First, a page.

Catholic Lectionary

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Deacon Barney | Forum Activity | Posted: Wed, Oct 30 2013 9:35 AM

I own Logos Bible Software 5.1b SR-3 (5.1.2.009), product name: Verbum.  I am trying to use the Catholic Lectionary in my Diaconate Formation Class, but the readings in the Lectionary do not match the Mass readings.  The Lectionary and the Mass readings for each day are very close, but not an exact match and some of the words such as the First Readings this week all begin with "Brothers & Sisters".  This is not in the Verbum Lectionary.  Can someone help me to understand why the Verbum Lectionary does not match the daily Mass readings? Or, what I need to do to get the readings to match?

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David Ames | Forum Activity | Replied: Wed, Oct 30 2013 9:42 AM

Do you have the same Bible version set for the Lectionary? On the same line as the date there should be a Bible listed.  

Click on the down arrow beside the Bible name to pick the 'correct' one.

And welcome to the forums. 

Posts 233
Brian Losabia | Forum Activity | Replied: Wed, Oct 30 2013 10:01 AM

Selecting the NABRE translation within the Logos CL is going to be the very closest to the Mass readings.  As far as I know, I think the Psalms might be a little different, and sometimes the Gospel readings will substitute Jesus' name if the reading starts with a pronoun, for instance.

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Deacon Barney | Forum Activity | Replied: Wed, Oct 30 2013 10:05 AM

Yes, I have set NABRE as the default Bible in Logos.  The readings are very close, but not exact.  Will I have to purchase a printed Lectionary to get the exact readings?

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Dan Francis | Forum Activity | Replied: Wed, Oct 30 2013 10:57 AM

Barney:

Yes, I have set NABRE as the default Bible in Logos.  The readings are very close, but not exact.  Will I have to purchase a printed Lectionary to get the exact readings?

Logos uses the texts you have installed. The lectionary is in many ways it's own translation (at least here in Canada), the Canadian Catholic church uses NRSV, but it has been modified by the church (to be LESS gender inclusive mostly), I know over in the UK the base translation for the lectionary is JB but even this has been modified, I would guess that the NAB may well have been modified somewhat too. These things are done often for clarity. For example if a gospel reading starts "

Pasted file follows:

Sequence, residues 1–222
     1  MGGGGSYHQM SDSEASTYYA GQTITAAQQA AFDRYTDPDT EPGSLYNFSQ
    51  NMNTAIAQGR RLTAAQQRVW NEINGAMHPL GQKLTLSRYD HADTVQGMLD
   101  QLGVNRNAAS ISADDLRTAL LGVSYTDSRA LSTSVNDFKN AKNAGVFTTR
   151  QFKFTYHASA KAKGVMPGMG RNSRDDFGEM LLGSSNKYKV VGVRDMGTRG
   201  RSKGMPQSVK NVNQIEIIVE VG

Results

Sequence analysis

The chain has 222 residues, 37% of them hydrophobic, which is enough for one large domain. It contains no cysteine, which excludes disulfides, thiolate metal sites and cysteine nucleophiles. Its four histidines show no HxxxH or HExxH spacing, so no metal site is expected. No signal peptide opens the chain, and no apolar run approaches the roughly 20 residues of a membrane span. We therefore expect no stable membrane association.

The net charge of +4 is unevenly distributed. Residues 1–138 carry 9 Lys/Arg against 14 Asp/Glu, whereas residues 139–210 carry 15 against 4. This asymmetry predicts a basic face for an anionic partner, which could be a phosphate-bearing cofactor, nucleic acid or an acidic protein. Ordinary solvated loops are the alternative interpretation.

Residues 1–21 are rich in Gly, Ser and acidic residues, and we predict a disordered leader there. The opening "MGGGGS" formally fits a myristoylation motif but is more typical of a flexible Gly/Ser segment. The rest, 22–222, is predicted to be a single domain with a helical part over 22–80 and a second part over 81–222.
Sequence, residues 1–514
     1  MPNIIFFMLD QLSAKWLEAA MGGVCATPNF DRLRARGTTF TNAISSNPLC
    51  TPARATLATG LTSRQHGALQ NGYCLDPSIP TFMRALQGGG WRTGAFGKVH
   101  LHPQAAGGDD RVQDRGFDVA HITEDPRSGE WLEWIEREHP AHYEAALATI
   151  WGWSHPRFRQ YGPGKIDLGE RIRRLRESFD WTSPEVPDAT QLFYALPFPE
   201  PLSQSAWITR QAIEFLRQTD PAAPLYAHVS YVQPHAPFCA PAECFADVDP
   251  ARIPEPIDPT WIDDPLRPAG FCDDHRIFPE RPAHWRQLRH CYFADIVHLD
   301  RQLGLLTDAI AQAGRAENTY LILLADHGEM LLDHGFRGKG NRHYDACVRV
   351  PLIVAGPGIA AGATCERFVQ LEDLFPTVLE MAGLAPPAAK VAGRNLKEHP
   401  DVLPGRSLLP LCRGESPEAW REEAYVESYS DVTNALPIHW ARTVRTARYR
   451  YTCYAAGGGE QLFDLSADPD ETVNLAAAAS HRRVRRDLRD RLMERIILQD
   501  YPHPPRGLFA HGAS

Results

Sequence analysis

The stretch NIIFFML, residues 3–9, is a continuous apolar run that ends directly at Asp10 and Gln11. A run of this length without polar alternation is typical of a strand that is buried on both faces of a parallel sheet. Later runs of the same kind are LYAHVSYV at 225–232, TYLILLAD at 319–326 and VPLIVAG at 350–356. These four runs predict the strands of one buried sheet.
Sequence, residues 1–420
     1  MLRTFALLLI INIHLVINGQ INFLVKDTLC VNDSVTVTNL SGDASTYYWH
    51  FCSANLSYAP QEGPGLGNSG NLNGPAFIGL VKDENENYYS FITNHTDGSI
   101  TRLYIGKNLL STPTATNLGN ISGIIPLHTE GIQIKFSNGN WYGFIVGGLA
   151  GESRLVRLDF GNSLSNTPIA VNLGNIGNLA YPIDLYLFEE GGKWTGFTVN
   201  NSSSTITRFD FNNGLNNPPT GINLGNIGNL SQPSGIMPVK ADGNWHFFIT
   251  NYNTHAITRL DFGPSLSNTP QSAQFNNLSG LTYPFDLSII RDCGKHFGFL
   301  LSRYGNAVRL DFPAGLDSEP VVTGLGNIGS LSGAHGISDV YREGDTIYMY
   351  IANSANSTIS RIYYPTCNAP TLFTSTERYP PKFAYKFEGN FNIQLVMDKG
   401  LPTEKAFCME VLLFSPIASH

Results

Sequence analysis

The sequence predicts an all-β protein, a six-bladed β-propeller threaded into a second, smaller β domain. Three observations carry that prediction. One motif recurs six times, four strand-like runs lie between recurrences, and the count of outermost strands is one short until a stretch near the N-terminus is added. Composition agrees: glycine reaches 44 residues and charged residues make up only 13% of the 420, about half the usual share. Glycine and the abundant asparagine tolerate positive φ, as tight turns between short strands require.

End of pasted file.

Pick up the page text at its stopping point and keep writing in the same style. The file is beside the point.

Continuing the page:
22 He passed through towns and villages, teaching as he went and making his way to Jerusalem. 23 Someone asked him, “Lord, will only a few people be saved?” He answered them," NABRE

The Lectionary would rightly  Start Jesus passed...(the NRSV already has Jesus noting that greek is actually he). Since the Lectionary will always have minor changes here and there so unfortunately to have the exact reading you would likely need to purchase a copy... Also to note has the US lectionary been revised in the past two years or is it still based on the older NAB???

-Dan

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Don Awalt | Forum Activity | Replied: Wed, Oct 30 2013 11:11 AM

Hi Barney, welcome to the forums! And God's blessings on your formation. 

If you only need the EXACT wording infrequently (Dan gave a good example of why they are different compared to any Bible), just go to the USCCB at http://www.usccb.org/, click on the calendar at the right, and you get the exact lectionary readings for the day, free. I do all my work with the Lectionary in Logos, and just check usccb for any differences.

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Forum MVP
MJ. Smith | Forum Activity | Replied: Wed, Oct 30 2013 12:23 PM

Barney:
First Readings this week all begin with "Brothers & Sisters". 

To add to the information already provided. The lectionary does not always match the Bible, even as amended in a Catholic version, for any of the following reasons:

  1. An incipit may be added at the beginning to provide the context. This compensates for cutting off the beginning of a longer passage which would have included the context. Incipits are "At that time", "In those days", "Brothers and Sisters", "Beloved", "Dearly Beloved", "Dearest Brothers and Sisters", "Thus says the Lord" and "Thus says the Lord God".
  2. There may be deletions or additions required to make the selected passage stand independently.  The primary reason they may need this sort of editing is because of the length of the passage. If we read fewer passages they could be longer and would require less editting.
  3. Modifications are usually to provide the information that is implied by the context - for example, replacing a pronoun by the noun for which it stands.
  4. Sometimes text is labeled as optional so that the length of the reading can be adjusted for the service and congregation.

In short, Logos does not carry Lectionaries, they carry Lectionary Tables of Readings.

Orthodox Bishop Hilarion Alfeyev: "To be a theologian means to have experience of a personal encounter with God through prayer and worship."

Posts 8893
fgh | Forum Activity | Replied: Wed, Oct 30 2013 12:29 PM

Logos' lectionary is essentially just a free reading plan, usable with any translation you happen to have. To get the exact readings, they would have to license each translation separately, and create a separate resource for each of them. Which also means we would have to pay the full price.

"The Christian way of life isn't so much an assignment to be performed, as a gift to be received."  Wilfrid Stinissen

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